Monday, May 26, 2014

Over 800 people killed in Iraq so far this month

Nouri's continued his streak of War Crimes by targeting civilians in Falluja.  National Iraqi News Agency reports Falluja General Hospital received twenty-seven victims today -- 7 dead civilians and twenty injured.

Each day since the start of the year, Nouri's practiced collective punishment on the citizens of Falluja.  Each day the toll of wounded and dead have gone up.  It's a 'small' number each day, enough that Nouri gets to stay off the rader.  Amnesty International is as silent as the White House when it comes to those unfortunate enough to dwell in Falluja.

As the numbers continue to grow, so does the silence from those who should be standing up.

Maybe having been silent for months now, they feel it's too late to start speaking out?

When they finally find their voices, how many civilians will Nouri have injured?

How many will he have killed?

Let's move over to the other violence.

National Iraqi News Agency reports a Mosul roadside bombing left two people injured, a Mosul battle left 7 rebels dead, a Jurf al-Sakhar roadside bombing claimed the life of 1 Iraqi soldier and left two more injured, a roadside bombing near Haditha left 1 police member dead and another injured, a Mosul roadside bombing left 3 Iraqi soldiers injured, an Al-Faisaliah roadside bombing left two Iraqi military personnel injured, security forces killed 7 suspects in al-Nuaimiya, 1 police member was shot dead in Alsihah, a Tel-Alromman bombing left 1 police member dead and six more injured, a Ghazaliya bombing left five police members injured, a Jabour attack left two police and three Sahwa injured, 1 truck driver was shot dead outside Al-Hasawi Village, 1 person was shot dead in Dorein Village, and  Joint Operations Command announced they killed 10 suspects.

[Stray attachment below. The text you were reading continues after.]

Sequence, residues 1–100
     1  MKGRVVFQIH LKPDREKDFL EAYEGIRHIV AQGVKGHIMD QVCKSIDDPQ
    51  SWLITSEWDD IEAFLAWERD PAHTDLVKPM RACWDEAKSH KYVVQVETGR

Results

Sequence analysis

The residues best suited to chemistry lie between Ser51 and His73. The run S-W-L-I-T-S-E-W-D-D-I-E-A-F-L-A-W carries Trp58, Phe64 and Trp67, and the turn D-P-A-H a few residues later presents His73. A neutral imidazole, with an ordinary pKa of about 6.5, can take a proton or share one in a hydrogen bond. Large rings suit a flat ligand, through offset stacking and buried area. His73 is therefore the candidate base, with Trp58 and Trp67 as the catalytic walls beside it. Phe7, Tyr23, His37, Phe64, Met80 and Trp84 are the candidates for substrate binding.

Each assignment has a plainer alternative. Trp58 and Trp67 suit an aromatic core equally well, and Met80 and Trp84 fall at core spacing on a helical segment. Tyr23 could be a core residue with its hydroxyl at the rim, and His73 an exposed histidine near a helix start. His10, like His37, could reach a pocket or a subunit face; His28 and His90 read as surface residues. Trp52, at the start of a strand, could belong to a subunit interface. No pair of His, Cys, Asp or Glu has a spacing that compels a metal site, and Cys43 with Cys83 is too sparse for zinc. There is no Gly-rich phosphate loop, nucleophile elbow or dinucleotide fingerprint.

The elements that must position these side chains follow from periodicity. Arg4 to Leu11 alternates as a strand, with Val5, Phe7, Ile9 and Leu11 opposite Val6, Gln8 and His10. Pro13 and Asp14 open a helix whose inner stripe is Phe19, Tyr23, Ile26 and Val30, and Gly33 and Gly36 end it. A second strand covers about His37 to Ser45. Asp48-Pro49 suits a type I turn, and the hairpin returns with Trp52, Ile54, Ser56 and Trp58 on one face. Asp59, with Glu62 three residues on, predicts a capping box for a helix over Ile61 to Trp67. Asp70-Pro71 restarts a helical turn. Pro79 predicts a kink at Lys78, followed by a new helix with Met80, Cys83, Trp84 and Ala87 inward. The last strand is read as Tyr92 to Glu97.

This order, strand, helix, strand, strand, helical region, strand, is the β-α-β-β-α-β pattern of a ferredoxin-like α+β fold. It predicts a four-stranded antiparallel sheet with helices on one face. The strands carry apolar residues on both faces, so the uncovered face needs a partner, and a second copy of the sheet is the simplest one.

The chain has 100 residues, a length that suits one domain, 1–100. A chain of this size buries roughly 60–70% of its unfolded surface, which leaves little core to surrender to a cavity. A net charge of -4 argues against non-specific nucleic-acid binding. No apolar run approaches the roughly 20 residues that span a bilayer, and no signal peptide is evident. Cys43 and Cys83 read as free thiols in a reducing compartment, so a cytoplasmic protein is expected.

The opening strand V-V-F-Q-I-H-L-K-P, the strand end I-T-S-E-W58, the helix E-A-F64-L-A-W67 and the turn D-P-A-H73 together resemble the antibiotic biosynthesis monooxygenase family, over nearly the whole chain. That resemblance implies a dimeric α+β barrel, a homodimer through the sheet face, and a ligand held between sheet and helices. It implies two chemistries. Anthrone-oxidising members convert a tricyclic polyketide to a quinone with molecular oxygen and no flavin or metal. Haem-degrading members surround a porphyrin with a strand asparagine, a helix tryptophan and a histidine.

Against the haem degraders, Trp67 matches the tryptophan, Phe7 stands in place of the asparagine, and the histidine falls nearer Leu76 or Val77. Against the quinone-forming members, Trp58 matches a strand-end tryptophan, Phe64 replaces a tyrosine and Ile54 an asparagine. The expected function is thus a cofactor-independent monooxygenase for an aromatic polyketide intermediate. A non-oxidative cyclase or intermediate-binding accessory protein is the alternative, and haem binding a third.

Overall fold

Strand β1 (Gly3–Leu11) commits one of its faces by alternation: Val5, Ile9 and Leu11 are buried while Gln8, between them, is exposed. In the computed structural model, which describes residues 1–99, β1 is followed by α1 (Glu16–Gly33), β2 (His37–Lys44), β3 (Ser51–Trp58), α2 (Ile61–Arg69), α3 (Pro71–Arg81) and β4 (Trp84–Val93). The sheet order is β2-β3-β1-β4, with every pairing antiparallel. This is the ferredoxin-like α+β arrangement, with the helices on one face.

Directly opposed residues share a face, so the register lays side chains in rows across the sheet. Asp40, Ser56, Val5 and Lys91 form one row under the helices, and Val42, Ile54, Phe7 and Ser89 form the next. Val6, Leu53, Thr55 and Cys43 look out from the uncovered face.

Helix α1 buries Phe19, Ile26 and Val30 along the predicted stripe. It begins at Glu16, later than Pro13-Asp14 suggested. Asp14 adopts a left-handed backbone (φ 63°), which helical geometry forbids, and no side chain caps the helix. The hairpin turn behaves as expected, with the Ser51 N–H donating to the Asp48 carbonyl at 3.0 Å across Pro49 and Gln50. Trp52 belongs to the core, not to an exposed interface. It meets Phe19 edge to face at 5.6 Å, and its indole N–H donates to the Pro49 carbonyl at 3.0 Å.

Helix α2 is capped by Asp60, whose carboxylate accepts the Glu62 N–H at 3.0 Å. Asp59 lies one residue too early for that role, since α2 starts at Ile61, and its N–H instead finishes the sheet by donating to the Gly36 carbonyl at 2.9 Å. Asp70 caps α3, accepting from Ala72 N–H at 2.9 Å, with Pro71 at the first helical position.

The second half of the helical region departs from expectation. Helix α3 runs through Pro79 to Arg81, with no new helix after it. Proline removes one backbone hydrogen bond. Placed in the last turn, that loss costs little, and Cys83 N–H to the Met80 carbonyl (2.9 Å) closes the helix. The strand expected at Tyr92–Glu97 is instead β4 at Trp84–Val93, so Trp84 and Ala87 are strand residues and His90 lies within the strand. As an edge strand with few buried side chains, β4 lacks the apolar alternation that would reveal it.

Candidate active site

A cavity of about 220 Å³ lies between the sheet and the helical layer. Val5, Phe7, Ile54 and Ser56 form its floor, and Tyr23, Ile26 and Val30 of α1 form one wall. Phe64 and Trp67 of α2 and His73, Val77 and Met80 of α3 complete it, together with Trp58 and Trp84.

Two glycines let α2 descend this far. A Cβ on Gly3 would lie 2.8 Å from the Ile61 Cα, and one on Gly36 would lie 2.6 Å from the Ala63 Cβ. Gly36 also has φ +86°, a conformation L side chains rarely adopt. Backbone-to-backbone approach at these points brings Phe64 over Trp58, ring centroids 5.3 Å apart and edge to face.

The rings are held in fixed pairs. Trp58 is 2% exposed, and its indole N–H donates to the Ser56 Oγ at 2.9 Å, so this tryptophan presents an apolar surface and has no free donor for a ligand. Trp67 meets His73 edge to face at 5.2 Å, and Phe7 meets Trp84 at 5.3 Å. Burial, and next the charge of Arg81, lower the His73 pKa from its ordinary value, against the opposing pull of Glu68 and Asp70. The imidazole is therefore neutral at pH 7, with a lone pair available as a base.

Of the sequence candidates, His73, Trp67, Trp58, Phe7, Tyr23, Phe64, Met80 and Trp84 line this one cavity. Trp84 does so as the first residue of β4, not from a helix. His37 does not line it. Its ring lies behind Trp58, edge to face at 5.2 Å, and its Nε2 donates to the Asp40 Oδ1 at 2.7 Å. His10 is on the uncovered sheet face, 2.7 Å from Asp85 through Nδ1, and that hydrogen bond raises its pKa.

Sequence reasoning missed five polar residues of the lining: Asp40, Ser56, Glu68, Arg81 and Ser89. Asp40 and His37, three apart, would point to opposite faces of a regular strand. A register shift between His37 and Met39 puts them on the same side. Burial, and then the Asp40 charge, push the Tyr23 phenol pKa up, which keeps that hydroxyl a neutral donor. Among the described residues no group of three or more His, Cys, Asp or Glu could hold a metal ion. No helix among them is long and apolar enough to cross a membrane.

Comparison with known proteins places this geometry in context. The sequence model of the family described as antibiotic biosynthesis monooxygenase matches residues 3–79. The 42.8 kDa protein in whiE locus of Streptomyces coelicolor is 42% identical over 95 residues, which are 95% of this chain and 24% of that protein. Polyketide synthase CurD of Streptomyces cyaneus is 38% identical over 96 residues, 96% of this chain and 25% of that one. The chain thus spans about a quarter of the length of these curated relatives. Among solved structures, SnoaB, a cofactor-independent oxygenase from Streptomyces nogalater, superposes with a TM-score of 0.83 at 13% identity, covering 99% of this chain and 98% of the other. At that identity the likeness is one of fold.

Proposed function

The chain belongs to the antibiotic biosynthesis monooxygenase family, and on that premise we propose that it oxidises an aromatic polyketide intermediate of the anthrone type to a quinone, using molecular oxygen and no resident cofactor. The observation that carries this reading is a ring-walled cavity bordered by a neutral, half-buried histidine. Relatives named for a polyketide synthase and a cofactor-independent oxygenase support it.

Sunday, Iraq Body Count's tally for the month so far reached 800 violent deaths.  Has the press been noting that?  No.  Not even the western press that covers Iraq.

There's such an effort to sanitize Nouri's Iraq and pretend it's not falling apart.

Reporters Without Borders condemns an attack on Al-Baghdadiya TV correspondent and freelance photographer Hussam Al-Akuli in his home in Al-Samawah (290 km southeast of Baghdad) on 23 May.
Akuli was repeatedly stabbed by armed men in military dress who ransacked his home and left with journalistic material. Akuli was rushed to hospital with stab wounds to the face and neck and multiple arm fractures.
After Al-Baghdadiya TV broadcast a report about the demolition of homes on land that is the subject of a dispute between the government and private individuals, Akuli received handwritten death threats warning him not to do any more stories on the region’s endemic corruption.
For years, Iraqi journalists have been exposed to the danger of threats, attacks and murder coming from different quarters, especially when they tackle risky subjects such as corruption,” said Reporters Without Borders research director Lucie Morillon.
Iraq is unfortunately one of the world’s most dangerous countries for media personnel. Political instability and now the crackdown related to the Syrian crisis are among the main causes of the dangers of journalism in the Iraq. The authorities must guarantee the safety of journalists, whose reporting is in the public interest.”
Reporters Without Borders issued a press release condemning the difficulties of journalism in Iraq on 6 May, three days after World Press Freedom Day. According to the Journalistic Freedoms Observatory ( JFO ), a Reporters Without Borders partner organization, there were 328 cases of abuses against journalists in 2013: 103 journalists were arrested, 162 were obstructed while trying to access information, 63 were the victims of violence and four were attacked by armed groups. A total of 71 complaints were filed against media and journalists, and four media were suspended

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